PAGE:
There are many players who the Seattle Kraken should draft, but who are the tempting names that they should steer clear of when it comes time to decide on July 21? Which players are too risky, too safe, too expensive, too old, and too immature who could hinder the Kraken’s progress? Here are five players the newest NHL franchise should avoid.
This is not a “Top Five” list. Rather, these are five definitive nos. They will be intriguing to Seattle’s front office for one reason or another but should be crossed off their list. Like the Vegas Golden Knights, the Kraken are expected to wheel and deal and take certain players in exchange for draft assets and such, but hopefully not these players.
Here’s a look at five notable, albeit tempting, NHLers that the Kraken should intentionally overlook in the expansion draft.
5. Chris Tanev
Tanev isn’t a household name, he’s a player’s player kind of player… If you’re a Vancouver Canucks fan you’ve known this Tanev (his younger brother, Brandon Tanev, plays for the Pittsburgh Penguins) for the past decade.
If you’re a Calgary Flames fan, you’re just getting to know your former rival. The Flames signed Tanev to a four-year deal worth $18 million. That’s a fair contract for the defensive defenseman, but it’s not one the Kraken should take on.
Tanev has never played a complete season. Due to his style, he has only played more than 69 games once in his career, and that was in 2014-15 when he played 70 games. To further the point, Tanev is 31 years old and will be closing in on 35 when his deal expires. That’s too much mileage on a historically injured player.
Don’t be mistaken, Tanev would be a great stay-at-home defenseman for the Kraken, but at $4.5 million for three more years, he’s a financial risk that the team should not entertain.
4. Anton Khudobin
With so many other talented netminders available, the Kraken should intentionally pass on Khudobin, even though, at 34 years old, he could be considered an attractive pick for many reasons.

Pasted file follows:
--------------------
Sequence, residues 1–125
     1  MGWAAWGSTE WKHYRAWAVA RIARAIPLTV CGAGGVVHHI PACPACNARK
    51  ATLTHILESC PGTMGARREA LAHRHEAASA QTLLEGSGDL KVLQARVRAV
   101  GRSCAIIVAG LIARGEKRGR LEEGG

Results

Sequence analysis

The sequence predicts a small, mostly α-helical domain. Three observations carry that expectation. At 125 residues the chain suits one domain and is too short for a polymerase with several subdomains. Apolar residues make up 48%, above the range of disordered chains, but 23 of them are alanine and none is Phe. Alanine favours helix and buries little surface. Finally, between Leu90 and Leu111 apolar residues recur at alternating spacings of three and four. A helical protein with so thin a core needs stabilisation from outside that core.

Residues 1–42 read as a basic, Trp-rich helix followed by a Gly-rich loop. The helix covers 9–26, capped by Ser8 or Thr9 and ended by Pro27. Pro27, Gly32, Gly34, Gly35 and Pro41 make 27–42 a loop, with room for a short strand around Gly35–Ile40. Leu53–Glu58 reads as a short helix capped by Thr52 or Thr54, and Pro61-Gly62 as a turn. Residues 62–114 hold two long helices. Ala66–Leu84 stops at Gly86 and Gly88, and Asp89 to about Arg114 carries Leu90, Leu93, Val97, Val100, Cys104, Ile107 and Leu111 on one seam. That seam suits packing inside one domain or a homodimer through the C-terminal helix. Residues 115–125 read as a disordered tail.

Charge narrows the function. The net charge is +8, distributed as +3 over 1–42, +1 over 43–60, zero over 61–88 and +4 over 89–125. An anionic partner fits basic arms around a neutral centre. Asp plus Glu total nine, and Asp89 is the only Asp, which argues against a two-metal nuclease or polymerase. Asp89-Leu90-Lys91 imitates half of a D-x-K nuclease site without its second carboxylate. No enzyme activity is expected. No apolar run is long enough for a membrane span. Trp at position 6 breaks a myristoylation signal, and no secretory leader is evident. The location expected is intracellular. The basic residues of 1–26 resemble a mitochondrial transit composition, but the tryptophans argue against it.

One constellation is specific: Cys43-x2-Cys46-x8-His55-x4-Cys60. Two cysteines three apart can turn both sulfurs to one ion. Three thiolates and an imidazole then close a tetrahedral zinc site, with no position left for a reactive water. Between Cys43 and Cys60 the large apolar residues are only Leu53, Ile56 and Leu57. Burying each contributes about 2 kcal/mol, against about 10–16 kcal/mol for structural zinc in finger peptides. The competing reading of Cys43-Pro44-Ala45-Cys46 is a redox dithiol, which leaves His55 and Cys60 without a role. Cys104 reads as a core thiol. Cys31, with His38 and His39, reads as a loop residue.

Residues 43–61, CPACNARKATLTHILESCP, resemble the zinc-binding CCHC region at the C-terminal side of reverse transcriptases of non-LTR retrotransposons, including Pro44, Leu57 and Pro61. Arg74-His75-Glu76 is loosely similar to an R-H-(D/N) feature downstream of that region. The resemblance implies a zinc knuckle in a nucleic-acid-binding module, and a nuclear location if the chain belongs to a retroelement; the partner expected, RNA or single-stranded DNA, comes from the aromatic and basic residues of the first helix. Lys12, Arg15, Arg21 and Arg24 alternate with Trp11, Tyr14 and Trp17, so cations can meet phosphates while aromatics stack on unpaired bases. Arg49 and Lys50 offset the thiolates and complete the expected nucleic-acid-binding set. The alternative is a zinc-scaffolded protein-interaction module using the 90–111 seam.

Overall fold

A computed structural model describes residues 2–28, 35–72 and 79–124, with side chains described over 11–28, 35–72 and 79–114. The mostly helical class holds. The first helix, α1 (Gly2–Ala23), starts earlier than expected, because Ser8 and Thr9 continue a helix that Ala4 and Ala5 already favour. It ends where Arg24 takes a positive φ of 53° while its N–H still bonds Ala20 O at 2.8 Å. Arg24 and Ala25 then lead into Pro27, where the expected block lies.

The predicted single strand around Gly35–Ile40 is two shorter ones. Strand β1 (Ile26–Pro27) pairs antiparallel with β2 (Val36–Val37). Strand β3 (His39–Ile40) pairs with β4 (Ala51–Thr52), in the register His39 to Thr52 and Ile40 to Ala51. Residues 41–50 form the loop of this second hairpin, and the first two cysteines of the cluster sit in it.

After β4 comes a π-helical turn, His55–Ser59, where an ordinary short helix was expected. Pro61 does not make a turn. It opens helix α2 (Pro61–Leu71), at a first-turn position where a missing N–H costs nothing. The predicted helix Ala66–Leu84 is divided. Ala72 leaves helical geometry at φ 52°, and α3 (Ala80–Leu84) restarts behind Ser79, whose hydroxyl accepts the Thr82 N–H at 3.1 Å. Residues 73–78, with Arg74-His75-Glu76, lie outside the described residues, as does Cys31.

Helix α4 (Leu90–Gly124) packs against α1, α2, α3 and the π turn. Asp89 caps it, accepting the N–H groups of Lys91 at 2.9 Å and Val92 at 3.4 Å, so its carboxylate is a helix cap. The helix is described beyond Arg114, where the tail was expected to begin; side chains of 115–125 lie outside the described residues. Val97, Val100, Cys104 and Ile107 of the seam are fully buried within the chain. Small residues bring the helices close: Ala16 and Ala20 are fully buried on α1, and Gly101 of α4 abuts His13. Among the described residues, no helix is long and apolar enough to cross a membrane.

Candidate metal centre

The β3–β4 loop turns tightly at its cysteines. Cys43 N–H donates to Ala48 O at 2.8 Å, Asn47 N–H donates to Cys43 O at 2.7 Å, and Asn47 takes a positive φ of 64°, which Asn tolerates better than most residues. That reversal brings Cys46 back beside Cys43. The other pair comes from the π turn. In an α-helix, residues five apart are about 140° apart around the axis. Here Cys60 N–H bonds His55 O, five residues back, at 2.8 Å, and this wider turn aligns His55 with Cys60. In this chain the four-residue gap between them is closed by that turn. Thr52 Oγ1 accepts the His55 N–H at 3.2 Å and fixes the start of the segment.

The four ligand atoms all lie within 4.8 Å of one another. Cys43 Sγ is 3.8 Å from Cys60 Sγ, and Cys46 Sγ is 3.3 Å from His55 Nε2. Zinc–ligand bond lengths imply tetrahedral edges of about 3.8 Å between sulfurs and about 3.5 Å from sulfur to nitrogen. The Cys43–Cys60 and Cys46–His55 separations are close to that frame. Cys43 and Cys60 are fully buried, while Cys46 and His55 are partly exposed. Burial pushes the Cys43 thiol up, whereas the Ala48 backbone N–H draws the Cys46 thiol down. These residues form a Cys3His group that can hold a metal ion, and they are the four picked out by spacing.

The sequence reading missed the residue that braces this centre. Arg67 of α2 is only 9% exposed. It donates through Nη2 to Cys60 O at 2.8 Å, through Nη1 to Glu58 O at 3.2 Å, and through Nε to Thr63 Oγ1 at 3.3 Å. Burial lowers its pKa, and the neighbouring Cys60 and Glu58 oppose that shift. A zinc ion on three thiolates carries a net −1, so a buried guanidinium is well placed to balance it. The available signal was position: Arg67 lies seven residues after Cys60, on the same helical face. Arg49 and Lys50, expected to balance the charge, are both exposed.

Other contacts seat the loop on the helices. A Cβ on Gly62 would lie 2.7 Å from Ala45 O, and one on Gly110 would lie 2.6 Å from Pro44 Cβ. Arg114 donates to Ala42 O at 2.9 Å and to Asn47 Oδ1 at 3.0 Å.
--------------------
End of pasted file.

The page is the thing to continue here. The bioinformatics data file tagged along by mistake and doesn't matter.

For starters, he’s now a legitimate number one goaltender. Before last season, Khudobin was considered a backup, but due to Ben Bishop’s long-term injury, he was given the opportunity to lead the Dallas Stars to the Stanley Cup Final. No matter how entertaining it would be to have Khudobin, the Stars have young, pending restricted free agents (RFAs) that could serve the Kraken better in the long run; Jason Dickinson, Adam Mascherin, and Julius Honka come to mind.
There have been legitimate reports that suggest Khudobin will be selected in the expansion draft. It wouldn’t be a surprise if Dallas wants that to happen as well. Khudobin would be a fine short-term option for Seattle, but when Jonathan Bernier, Jake Allen, Casey DeSmith, Branden Holtby, Antti Raanta, David Rittich, James Reimer, Pavel Francouz, and others might also be available, do you really want to go with Khudobin?
3. James Neal
It remains to be seen what will happen with Neal. Last week, the Edmonton Oilers waived the one-time 40-goal scorer, and Neal and his $5.75 million cap-hit were unclaimed, leaving him in purgatory on Edmonton’s taxi squad.
What makes him tempting is that he is a veteran, top-six winger who was also selected by the Golden Knights from the Nashville Predators in the 2017 expansion draft. Neal not only produced for Vegas, but he also provided leadership in the playoffs. He may have only played one season for them, but he knows how to win with an expansion franchise.
However, at this stage of his career, Neal is not worth the gamble. The Kraken would be better off taking Kyle Turris or Josh Archibald from the Oilers. If management really values his experience, in a perfect scenario, they would find another way to acquire him. Seattle could take on Neal and his contract in exchange for draft assets, or maybe they could sign him if he’s bought out.
2. James van Riemsdyk
Do not let his numbers distract you from his contract and medical history. In terms of production, van Riemsdyk has been relatively consistent since he was drafted second overall in 2007. What’s been equally consistent are injuries. Excluding this season and last, he has only played an 82-game season twice in ten years.